# Thread: Calculating Decibels of a server

1. ## Calculating Decibels of a server

Hi,

Could someone please calculate the decibels of a computer server given the following:

Voltage: 0.6V
Power usage: 1KW

Tried using an online calculator but it gives a different result depending on what parameter I enter.

Thanks,

Nightwalker83  Reply With Quote

2. ## Re: Calculating Decibels of a server

I have taken the non-math approach an download the "Sound Meter" app for Android.  Reply With Quote

3. ## Re: Calculating Decibels of a server Originally Posted by Nightwalker83 Hi,

Could someone please calculate the decibels of a computer server given the following:

Voltage: 0.6V
Power usage: 1KW

Tried using an online calculator but it gives a different result depending on what parameter I enter.

Thanks,

Nightwalker83
The decibel calculation is done using a ratio of 2 values which are normally 2 power values (i.e. powerOut/powerIn). I'm not sure it make sense to calculate the decibels of 0.6V and 1KW. Now if you had the current consumption at 0.6V, you could then get the decibels using
dB = 10* LOG ((0.6V * I)/1KW)  Reply With Quote

4. ## Re: Calculating Decibels of a server

The consumption for the whole unit is 1000w if that helps?

Edit:

I tried to calculate the decibels using an online calculator and it came out at 30Db or -4.4V. However, when I used the app mentioned in post #2 the Db came out as between 70Db and 90Db which, I am told is what it should be. I think the calculators were only doing the calculation for one fan whereas this server has three fans.  Reply With Quote

5. ## Re: Calculating Decibels of a server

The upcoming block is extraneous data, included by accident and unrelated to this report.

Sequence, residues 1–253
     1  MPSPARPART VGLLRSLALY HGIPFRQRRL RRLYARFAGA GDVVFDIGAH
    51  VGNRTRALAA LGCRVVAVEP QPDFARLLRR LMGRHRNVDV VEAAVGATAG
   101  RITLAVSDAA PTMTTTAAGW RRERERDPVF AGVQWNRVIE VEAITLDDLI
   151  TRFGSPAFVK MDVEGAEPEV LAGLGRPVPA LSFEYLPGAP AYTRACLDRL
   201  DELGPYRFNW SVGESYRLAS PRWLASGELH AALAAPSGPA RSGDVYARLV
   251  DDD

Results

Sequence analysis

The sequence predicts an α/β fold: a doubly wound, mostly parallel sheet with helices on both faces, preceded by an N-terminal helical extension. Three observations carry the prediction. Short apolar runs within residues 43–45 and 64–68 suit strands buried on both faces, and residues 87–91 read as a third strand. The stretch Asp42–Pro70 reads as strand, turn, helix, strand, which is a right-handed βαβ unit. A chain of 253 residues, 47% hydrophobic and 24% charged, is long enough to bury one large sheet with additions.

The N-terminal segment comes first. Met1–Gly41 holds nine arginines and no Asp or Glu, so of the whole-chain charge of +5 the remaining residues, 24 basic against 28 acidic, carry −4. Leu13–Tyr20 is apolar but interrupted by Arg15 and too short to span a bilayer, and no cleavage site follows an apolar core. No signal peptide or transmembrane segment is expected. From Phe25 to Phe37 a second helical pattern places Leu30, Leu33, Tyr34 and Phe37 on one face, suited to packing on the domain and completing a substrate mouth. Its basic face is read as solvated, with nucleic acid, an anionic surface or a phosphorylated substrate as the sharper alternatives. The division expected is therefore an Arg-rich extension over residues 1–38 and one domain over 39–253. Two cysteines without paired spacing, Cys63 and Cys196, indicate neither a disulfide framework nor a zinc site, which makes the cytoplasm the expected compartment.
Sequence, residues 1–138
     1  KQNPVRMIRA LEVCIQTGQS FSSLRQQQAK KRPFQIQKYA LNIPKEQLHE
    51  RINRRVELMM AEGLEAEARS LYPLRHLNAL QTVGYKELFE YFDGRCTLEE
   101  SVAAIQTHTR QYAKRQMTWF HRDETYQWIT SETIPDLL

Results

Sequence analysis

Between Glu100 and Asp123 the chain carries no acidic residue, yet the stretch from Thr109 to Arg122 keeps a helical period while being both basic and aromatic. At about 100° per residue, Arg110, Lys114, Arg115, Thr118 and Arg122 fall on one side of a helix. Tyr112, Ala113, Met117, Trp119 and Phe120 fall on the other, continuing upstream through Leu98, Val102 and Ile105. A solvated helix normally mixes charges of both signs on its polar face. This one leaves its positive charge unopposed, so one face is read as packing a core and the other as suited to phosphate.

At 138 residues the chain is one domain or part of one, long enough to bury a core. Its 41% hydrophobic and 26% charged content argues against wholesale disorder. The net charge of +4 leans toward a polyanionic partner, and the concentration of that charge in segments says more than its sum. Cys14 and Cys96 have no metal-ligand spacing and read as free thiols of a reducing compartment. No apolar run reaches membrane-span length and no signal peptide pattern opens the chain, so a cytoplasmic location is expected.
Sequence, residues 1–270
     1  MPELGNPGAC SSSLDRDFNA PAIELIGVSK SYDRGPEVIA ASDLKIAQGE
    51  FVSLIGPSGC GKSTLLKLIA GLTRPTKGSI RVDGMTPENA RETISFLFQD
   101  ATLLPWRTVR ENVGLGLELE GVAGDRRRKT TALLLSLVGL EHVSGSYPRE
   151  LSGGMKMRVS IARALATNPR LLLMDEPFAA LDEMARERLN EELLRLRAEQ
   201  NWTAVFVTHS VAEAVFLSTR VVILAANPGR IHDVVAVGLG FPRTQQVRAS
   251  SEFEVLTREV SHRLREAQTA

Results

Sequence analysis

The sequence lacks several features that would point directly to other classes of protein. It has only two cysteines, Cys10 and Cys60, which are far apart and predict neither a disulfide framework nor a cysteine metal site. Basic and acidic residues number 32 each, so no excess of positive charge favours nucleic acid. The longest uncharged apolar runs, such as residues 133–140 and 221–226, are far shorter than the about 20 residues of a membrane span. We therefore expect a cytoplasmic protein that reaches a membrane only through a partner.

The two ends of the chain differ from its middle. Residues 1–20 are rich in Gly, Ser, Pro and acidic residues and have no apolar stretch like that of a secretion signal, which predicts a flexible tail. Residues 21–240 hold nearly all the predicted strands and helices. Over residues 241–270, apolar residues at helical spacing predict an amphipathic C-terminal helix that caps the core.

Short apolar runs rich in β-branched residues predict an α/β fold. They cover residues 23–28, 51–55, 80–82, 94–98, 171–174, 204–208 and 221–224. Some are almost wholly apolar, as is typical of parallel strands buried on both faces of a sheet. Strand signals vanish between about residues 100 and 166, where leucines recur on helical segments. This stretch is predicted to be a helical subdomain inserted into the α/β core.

I could use a little context for this. Normally decibels are in reference to sound pressure, but not always. pH calculations use the same equation (10*LOG(ratio of Hydronium ions)). In your case, you have mentioned voltage and watts, and sound so I'm not sure what you are trying to figure out. I can say that dB's are calculated by taking the LOG of some ratio. It needs to be a ratio because the LOG works on a unitless number. So I'm not sure it makes sense to say LOG(x Volts) or LOG(x Volts/y Watts). It does make sense to say LOG(x Volts/y Volts).
So if you explain a bit more about what you are trying to do and where your number are coming from it would help.
kevin  Reply With Quote

6. ## Re: Calculating Decibels of a server

Yeah, I would have thought that Db was calculated using wattage. Although, seeing as I am not really familiar with it I just included the other values such as it mention on the calculators.

I am trying to confirm the number of decibels given by the server as picked up by the app mentioned in post #2 to make sure the calculations are correct. I am thinking of soundproofing the server I am trying to calculate the Dbs of.  Reply With Quote

#### Posting Permissions

• You may not post new threads
• You may not post replies
• You may not post attachments
• You may not edit your posts
•